I have this fantasy where I come home and knead handmade dough while jazz music plays and a candle burns in a hurricane vase, with a glass of wine nearby to sip should I so choose. I dream of being able to “whip up pies.” I wish I had elaborate cake recipes memorized. I want to make batches of cookies to burn off negative energy, then bring them to friends in Tupperware containers lovingly lined with grease-stained paper towels.
I have this fantasy of being someone who bakes, but as it currently stands, I can’t stand it, and for a while I found that infuriating.
People who bake, to me, are people who have their shit together. Or they’re people who have their shit together enough that they can set aside a block of butter and time to make something with their hands. I let both melt by accident, by staring at my phone, by needlessly worrying, by — I’m not always even sure, honestly.
People who bake have something to show for those hours. They feed others and make apartments smell good and make guests feel satisfied and welcome. They are choreographers of sweet ingredients, problem-solving chemists, magicians who make scones from dust and water, methodical thinkers, deliberate movers. Most impressively, they do it all in the spare corners of the day that no one has, really — not after work and life and cooking dinner, but they’re able to squeeze themselves into it, block out the chaos, and make something.
Or so I imagine.
What I’ve told myself, for a while, is that the reason I don’t like baking, even though I love the thought of it, is that I don’t yet have all the tools that make baking enjoyable. After all, my kitchen is too small. I don’t have one of those endless marble tables that television pastry chefs use to lay out each of their ingredients. I don’t have a proper mixing bowl. I don’t have the patience because I don’t have the time.
Or maybe — just maybe — I don’t bake because I am not yet the best version of myself, and am therefore not equipped to handle large wooden spoons and raw eggs in a way that calms me. Surely once I figure all this stuff out, then I’ll love baking. Then it will be the thing that relaxes me. Then, then, then.
It wasn’t until recently that I even bothered to consider a pretty obvious idea: Maybe I don’t have to be someone who bakes.
(Who else but) my therapist suggested it. I was talking about wanting to be “a person who bakes,” partially as a metaphor, to get to another point about my longing for that eternal and elusive feeling of being put-together, of having my shit together. It’s a concept I’m always grasping for but never grab.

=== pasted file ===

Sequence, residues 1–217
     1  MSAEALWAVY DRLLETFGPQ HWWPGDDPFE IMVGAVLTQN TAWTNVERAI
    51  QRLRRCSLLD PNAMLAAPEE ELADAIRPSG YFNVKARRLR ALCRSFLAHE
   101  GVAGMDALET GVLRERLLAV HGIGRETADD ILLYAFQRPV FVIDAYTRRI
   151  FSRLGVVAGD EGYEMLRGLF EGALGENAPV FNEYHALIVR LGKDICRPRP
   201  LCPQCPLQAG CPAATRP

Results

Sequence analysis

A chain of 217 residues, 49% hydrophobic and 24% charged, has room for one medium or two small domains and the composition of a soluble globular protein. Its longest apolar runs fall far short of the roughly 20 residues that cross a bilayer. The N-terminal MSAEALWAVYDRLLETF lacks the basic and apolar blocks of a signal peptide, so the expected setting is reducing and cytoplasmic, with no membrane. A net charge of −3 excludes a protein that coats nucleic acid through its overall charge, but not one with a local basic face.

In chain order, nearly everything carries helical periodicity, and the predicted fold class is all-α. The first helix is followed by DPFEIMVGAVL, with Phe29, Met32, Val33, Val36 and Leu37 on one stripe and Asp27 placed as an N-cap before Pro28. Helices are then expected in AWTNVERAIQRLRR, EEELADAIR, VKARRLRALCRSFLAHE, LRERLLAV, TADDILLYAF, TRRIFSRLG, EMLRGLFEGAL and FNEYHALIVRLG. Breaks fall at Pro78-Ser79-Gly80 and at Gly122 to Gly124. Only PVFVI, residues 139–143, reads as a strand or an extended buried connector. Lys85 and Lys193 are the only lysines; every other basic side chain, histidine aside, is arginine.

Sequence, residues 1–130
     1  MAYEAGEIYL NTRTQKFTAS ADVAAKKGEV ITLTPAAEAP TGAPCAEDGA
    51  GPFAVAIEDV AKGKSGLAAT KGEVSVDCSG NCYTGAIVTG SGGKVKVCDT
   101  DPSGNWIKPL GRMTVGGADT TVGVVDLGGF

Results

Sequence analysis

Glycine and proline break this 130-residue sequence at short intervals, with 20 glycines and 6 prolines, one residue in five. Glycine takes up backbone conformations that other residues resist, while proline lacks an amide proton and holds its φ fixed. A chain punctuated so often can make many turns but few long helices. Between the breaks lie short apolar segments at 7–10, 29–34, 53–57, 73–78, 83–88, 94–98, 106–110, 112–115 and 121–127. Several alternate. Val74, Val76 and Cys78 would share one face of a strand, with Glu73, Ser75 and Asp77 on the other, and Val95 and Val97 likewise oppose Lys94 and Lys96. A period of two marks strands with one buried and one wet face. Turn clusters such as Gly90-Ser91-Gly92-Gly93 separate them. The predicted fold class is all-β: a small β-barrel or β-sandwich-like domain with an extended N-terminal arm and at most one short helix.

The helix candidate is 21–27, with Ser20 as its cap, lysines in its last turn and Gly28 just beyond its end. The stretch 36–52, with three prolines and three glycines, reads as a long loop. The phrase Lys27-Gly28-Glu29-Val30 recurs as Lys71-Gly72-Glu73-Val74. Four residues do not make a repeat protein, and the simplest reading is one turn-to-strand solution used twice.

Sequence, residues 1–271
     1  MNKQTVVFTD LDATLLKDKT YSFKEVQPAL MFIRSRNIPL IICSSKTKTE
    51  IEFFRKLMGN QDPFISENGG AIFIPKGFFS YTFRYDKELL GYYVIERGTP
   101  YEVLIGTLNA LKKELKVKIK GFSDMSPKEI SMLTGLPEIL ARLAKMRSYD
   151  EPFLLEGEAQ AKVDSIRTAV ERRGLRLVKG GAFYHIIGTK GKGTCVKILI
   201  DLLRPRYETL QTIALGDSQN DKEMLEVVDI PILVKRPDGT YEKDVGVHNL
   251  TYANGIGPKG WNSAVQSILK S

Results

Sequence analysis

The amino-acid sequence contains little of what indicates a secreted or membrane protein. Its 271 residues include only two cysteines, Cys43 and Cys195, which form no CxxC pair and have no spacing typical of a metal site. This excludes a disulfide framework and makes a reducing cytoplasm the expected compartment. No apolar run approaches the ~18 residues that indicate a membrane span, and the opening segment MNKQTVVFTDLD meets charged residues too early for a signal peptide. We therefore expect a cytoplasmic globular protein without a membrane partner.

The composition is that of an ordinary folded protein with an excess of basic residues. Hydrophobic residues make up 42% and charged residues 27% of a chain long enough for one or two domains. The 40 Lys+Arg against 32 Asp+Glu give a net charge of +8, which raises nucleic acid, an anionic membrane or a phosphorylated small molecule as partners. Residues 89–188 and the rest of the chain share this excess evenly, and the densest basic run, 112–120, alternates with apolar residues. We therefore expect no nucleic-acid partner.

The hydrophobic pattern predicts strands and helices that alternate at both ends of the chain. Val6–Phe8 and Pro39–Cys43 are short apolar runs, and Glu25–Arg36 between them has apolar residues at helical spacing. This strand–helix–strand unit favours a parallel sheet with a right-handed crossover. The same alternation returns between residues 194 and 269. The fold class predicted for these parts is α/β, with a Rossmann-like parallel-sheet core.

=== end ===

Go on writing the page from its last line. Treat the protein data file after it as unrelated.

And you know therapists: She went back to the sideways thing I said. Wrote it down in her notebook. Told me without blinking that it’s okay to not be a person who bakes. Not now, at least. For now, maybe baking could be one (pretty arbitrary) pressure I eliminate from my never-ending quest toward shit-together-hood.
Her statement initially frustrated me. It felt like admitting defeat. But later, as I thought about it, I realized she was right. An item had just been removed from my endless Self Improvements to-do list. An aspirational hobby to revisit later, maybe, but only if I actually felt like it.
My mom has this template-saying: to “like the idea” of something, but not the thing itself. For instance, you can like the idea of those roasted candied nuts on every midtown-and-higher New York City corner, but not the taste of them. You can like the idea of being a person who runs, but not the actual running.
The saying used to annoy me (if I like the idea of something, why wouldn’t I like the action of it?), but turns out, acknowledging these seemingly insignificant truths can be freeing. Doing so can release you from the self-assigned expectations that come with personality-adjacent statements. I am good at X, so I must do Y. Realizing that you don’t like to run, for example, and then saying that out loud — even if you’re a quarter through training for a half-marathon with a whole new drawer of fitness gear and a best friend who expects you to jog in the rain with her — means that you get to accept a fairly benign truth, go home, and take a bath instead. Accepting that I don’t like to bake, or at least accepting that it stresses me out, as opposed to my dreamed-up fantasy that it’s what end-of-the-day relaxes me, means I sidestep a layer of self-layed molasses and keep moving forward. It’s the smallest deal, in life’s grand schemes, but aren’t they always saying it’s the little things?
Photo by Louisiana Mei Gelpi.